COVID-19’s stranglehold on the nation has been no joke. The beginning of the pandemic was especially devoid of laughs because of the shutdown of bars and comedy clubs. Stage time was scarce, and audiences’ muted smiles in virtual shows were no substitute for the drunken roar of a crowd laughing in unison.
But despite 2020’s many hurdles, comedian Brittany Brave has managed to keep herself busy. Flying back and forth between New York and her native Miami, Brave has worked on a slew of projects: launching a podcast, shooting a web series on spec, and reopening her regular show at the Tiny Cupboard in Brooklyn.
She’s opted to spend the remainder of 2020 in South Florida. To cap off a creatively taxing year, Brave will be filming her first comedy special at Villain Theater on Friday, November 27.
“It’s kind of a homecoming treat,” Brave tells New Times.
Brave’s appearance at Villain has been in the making for some time. As clubs and bars reopened, the theater took advantage and booked weekly standup shows through the end of the year. Brave found herself as a mainstay at the venue.
“I started doing Villain virtual shows in the summer and doing their virtual mics and some of their [booked] virtual shows,” Brave explains. “That parlayed into some guest spots and some feature spots. I built a good relationship with them, and I feel as if they’re my home club.”
As time went on, Brave got more and more comfortable performing at Villain and progressed to doing longer sets. When the venue extended a headlining offer, it also gave her the option to film the appearance.
“A comedian’s first big release is usually a collection of material they’ve been honing for their entire lives and careers,” Brave says. “A band’s debut record is like the very first songs they wrote, had success with, had opportunities to write and rewrite and republish over and over again, so you want it to have it be a statement of who I am as a comedian but also have it be topical.”
A comedy special is often a time capsule, so expect Brave to address the bonkers year we’ve been experiencing so far.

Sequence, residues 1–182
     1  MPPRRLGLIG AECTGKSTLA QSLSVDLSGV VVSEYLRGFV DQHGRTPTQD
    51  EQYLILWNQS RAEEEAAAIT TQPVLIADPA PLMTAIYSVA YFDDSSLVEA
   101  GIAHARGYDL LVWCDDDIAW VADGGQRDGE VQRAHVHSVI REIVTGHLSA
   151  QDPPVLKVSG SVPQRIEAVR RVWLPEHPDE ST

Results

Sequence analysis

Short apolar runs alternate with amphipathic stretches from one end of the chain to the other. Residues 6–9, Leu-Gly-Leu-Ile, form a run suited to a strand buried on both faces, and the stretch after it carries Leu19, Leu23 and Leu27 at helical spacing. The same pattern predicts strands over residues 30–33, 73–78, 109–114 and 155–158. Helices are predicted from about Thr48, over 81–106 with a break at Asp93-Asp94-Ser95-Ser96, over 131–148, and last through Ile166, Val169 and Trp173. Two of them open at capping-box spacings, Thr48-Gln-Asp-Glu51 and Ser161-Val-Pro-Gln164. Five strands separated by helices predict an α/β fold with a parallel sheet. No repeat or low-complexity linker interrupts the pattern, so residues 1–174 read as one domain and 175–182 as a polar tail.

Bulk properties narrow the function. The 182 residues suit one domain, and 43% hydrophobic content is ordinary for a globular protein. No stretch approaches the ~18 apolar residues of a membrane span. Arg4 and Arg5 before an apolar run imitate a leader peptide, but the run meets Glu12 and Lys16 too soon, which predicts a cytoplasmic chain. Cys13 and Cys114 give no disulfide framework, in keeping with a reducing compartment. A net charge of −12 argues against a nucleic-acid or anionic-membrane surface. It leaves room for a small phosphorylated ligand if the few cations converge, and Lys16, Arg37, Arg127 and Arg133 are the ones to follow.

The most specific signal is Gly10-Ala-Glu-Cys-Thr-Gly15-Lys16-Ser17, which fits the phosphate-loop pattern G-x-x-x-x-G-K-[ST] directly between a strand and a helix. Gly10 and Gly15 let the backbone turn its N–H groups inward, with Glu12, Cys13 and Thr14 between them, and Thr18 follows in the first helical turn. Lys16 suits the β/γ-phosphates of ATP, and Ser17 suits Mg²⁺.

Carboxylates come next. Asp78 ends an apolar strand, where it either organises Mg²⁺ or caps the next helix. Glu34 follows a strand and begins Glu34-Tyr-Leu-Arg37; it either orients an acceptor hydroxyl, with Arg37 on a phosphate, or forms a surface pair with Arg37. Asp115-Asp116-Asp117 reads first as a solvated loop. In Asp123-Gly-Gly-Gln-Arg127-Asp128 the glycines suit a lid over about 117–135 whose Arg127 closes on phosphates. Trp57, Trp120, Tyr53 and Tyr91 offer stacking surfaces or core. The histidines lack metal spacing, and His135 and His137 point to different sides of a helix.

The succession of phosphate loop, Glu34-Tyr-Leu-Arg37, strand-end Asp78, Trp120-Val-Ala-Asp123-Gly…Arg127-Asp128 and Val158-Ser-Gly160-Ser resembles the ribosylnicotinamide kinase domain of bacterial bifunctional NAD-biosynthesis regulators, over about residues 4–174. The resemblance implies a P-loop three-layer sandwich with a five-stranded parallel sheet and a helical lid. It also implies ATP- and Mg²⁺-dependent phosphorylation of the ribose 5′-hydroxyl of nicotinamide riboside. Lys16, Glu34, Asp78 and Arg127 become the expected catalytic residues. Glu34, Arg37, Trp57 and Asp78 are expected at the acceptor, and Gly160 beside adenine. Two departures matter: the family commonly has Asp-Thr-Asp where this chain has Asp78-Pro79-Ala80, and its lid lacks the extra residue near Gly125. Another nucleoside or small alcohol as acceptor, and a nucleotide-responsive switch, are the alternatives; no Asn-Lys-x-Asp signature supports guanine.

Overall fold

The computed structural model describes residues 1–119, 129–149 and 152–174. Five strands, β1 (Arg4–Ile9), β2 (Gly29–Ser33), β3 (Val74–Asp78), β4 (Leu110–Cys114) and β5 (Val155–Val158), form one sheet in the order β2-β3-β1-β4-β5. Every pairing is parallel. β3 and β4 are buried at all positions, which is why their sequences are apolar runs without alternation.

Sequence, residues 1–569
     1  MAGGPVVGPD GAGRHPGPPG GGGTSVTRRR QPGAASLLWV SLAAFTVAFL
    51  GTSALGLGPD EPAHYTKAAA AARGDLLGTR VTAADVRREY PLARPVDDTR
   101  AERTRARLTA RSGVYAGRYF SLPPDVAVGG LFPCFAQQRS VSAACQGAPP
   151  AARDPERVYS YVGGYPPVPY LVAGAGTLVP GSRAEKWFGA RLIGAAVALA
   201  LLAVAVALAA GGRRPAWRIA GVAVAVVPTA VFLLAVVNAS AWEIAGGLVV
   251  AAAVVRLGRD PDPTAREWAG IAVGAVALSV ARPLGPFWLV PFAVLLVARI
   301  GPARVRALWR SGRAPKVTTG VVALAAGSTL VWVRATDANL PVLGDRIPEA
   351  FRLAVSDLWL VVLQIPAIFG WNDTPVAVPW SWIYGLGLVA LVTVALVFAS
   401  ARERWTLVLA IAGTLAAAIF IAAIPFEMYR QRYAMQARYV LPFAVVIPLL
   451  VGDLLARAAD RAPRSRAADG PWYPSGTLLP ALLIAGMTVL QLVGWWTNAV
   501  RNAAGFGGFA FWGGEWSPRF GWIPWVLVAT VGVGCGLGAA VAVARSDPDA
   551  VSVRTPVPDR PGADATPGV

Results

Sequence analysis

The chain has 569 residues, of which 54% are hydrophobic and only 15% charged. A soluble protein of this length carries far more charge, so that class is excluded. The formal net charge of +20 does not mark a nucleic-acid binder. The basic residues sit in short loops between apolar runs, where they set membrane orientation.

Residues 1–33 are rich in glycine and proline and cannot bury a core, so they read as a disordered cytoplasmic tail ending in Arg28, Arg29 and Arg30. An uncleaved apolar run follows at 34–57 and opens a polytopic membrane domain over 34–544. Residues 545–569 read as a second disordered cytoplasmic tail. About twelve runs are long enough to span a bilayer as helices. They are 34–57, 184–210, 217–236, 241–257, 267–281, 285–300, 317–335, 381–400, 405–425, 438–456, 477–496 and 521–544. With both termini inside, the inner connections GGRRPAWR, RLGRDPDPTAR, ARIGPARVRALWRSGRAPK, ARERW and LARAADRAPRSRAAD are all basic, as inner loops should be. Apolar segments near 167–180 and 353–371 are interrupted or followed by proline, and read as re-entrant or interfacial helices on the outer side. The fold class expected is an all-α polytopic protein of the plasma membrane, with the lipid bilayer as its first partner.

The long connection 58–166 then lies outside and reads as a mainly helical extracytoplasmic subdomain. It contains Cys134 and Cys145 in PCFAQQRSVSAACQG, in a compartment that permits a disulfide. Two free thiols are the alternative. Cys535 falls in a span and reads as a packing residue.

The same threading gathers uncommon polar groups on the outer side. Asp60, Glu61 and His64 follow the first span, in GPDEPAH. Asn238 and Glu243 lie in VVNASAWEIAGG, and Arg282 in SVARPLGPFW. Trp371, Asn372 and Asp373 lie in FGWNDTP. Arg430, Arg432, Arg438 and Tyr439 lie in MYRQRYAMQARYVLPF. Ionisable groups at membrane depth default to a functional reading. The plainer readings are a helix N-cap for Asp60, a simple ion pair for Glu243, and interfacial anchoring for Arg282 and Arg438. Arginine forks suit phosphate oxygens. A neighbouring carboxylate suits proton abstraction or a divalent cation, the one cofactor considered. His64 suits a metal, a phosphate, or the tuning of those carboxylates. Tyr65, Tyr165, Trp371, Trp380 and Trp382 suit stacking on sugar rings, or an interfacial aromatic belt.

“It kind of made sense to speak to the weirdness of 2020 given when we’re recording it, given the entire reason I’m home in Miami is because of this pandemic,” she says. “It would be very, very strange to tape this special under these conditions and not at least have a snippet of my material reflect COVID.”
Even without the on-stage talent acknowledging it, COVID’s presence will certainly be felt by the venue’s procedures to reduce the spread.
“We are enforcing a six-feet policy between parties, masks for everyone — performers and the audience members. If you’re not eating or drinking, like, you’ve got to have your mask on,” says Anastasia Pavlinskaya, Villain Theater’s director of standup.
The theater is doing everything it can to make the audience feel as safe as possible, including temperature checks at the door, Plexiglas over the box office and bar, and limited seating capacity. The staff and performers are also regularly tested.
“We’re tracing everything,” Pavlinskaya says. “We’re all going through Marlins Park to get tested. It’s like a social activity by now, sharing our negative COVID results.”
Still, Brave doesn’t plan to overdo it with the COVID material.
“Audiences are really desperate for a distraction right now,” Brave says. “As much as they want you to call out the obvious, they’re also very much so ‘OK, move on.’”
While audiences are searching for escapism, she acknowledges that it would be remiss not to point out the elephant in the room.
“By coming out and seeing the show, you’re risking something. So just like doing comedy in 2020, we have to acknowledge it,” Brave adds. “[There are] so many elephants in one room — like that would be the theme for corona comedy.”
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